Readers of this blog know that maintaining corridors for wild animal crossing is essential to the survival of wildlife here and abroad. Highways take a frightful toll and blocking routes leads to inbreeding and local extinction.
We have frequently reported on Liberty Canyon, a freeway overcrossing that is designed to allow mountain lions and other wildlife to traverse the 101 Freeway. Unfortunately that crossing will come too late for P-22,. He was a cougar it was hoped would live to cross it. We have reported on CalTrans efforts to provide crossings as well.
Internationally, efforts to expand wildlife corridors are expected to help jaguars in Central and South America and tigers in Asia.
Today, the focus is on the United States Geological Survey (USGS) and its partners. USGS has just released volume three of an ambitious series of reports on wildlife migration patterns in the United States. USGS partnered with a variety of interested parties.
USGS is working with state and tribal authorities to identify the routes wild animals, including deer and antelope, use when migrating. The goal is to help identify key corridors and keep them open for the animals to use. This is important for hunters, ranchers and outdoor enthusiasts. The animals themselves, of course, and the web of life dependent on them receive the most benefit.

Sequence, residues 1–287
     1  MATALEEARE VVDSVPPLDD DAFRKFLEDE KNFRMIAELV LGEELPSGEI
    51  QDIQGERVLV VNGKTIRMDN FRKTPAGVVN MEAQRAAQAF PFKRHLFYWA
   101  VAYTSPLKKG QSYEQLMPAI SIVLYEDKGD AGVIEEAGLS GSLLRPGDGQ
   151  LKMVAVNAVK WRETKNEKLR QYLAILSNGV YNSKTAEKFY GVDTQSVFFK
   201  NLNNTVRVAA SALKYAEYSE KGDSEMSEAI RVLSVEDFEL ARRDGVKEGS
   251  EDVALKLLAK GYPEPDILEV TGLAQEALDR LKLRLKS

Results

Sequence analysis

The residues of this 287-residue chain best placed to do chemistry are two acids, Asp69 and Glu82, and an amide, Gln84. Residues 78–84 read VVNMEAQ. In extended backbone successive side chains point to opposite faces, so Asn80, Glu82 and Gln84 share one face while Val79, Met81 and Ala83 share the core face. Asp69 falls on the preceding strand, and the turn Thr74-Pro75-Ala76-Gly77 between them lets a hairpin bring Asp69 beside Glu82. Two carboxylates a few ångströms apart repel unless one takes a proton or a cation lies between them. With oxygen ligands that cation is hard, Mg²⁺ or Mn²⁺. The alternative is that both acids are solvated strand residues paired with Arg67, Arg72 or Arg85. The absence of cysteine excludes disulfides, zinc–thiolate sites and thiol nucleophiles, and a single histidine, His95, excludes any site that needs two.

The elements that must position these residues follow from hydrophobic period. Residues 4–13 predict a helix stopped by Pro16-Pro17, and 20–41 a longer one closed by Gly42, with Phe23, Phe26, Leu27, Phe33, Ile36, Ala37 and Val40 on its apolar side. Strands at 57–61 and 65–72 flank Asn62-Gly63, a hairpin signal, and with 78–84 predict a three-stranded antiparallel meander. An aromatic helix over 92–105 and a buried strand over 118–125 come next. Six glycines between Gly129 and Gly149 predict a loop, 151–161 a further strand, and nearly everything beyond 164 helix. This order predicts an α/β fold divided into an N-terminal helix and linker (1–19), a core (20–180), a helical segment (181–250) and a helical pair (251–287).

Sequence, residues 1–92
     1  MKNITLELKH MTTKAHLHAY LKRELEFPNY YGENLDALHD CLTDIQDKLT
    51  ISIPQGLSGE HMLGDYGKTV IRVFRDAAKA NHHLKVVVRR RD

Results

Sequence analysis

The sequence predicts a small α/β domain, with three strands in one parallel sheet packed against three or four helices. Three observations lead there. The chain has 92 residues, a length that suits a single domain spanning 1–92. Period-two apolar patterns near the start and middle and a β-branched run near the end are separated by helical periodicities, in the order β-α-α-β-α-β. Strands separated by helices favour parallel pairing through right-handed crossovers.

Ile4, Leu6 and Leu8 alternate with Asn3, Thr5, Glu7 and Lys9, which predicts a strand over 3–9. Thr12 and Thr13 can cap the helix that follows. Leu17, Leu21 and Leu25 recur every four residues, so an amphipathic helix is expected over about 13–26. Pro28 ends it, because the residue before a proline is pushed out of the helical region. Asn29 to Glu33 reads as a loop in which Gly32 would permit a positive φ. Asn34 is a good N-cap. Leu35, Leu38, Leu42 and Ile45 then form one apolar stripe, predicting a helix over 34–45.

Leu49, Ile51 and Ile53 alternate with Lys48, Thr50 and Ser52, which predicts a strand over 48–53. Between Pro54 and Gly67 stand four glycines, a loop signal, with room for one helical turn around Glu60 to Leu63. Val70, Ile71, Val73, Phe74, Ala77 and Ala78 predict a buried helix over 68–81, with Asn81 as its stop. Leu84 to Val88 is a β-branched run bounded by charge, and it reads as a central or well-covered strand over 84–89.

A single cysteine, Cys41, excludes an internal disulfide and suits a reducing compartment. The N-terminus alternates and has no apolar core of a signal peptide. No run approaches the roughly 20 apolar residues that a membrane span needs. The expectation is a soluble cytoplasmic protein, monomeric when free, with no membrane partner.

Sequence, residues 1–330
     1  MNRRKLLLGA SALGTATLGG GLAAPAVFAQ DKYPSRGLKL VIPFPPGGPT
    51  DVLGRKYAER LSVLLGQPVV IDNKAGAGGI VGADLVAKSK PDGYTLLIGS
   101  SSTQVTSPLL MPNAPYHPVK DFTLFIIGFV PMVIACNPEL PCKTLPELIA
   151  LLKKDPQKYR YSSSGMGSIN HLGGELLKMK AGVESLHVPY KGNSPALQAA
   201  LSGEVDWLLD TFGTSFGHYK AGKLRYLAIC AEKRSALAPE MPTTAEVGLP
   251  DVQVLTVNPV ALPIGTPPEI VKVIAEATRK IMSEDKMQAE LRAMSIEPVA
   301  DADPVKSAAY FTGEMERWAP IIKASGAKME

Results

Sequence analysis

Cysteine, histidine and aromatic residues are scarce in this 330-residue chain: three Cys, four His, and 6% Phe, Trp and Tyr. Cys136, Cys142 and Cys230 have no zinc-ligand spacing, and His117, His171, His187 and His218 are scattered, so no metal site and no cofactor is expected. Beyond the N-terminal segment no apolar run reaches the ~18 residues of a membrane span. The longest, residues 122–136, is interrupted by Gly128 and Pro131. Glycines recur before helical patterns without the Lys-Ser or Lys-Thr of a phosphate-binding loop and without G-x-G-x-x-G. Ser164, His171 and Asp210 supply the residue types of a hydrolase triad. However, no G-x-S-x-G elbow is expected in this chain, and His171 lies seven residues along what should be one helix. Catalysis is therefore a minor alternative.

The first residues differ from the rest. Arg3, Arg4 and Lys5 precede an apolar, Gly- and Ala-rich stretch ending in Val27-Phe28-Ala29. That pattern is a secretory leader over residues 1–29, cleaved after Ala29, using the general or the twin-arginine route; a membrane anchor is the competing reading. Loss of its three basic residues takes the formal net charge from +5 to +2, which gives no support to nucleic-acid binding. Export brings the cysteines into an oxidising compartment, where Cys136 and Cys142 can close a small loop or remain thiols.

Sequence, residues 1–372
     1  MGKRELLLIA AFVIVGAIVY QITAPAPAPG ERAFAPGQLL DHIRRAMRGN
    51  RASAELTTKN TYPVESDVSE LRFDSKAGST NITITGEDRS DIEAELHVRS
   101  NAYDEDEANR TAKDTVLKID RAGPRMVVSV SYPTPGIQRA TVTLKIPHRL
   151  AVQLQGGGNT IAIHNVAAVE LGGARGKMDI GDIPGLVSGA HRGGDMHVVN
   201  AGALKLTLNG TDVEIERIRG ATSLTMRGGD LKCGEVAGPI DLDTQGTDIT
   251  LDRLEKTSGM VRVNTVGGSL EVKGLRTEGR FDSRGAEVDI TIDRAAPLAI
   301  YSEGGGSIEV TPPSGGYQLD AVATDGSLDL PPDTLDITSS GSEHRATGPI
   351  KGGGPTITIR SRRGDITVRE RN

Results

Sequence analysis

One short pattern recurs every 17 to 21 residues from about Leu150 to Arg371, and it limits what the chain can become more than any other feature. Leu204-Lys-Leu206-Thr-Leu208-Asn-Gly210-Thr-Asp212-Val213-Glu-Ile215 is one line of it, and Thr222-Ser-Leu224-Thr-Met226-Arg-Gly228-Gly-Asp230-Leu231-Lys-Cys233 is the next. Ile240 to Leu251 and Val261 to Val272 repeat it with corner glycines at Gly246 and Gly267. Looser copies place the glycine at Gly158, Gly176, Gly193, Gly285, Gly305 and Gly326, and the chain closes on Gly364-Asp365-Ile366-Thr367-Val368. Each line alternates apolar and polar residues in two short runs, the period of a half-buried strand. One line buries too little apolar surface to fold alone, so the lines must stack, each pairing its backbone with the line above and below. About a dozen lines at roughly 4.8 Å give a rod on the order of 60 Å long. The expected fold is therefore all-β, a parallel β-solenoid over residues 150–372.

According to USGS:
“Many ungulate herds must migrate to thrive on the strongly seasonal landscapes of the American West. These corridor maps make it possible to plan for keeping those corridors open,” said Matthew Kauffman, research wildlife biologist with the USGS Wyoming Cooperative Fish and Wildlife Research Unit and the report’s lead author.” Bold in original quote.
The project is maturing. When it started planners could only hope it would lead to better conservation planning. Apparently it has.
“… state and Tribal wildlife agencies, in partnership with transportation agencies, have used the migration maps to plan and construct wildlife underpasses and overpasses that allow animals to safely cross major highways or to develop message boards and automatic systems along highways to alert drivers of crossing animals. Maps are also being used to remove fences, inform recreation planning, guide siting of renewable energy projects, and limit housing development in migration corridors through zoning and conservation easements.”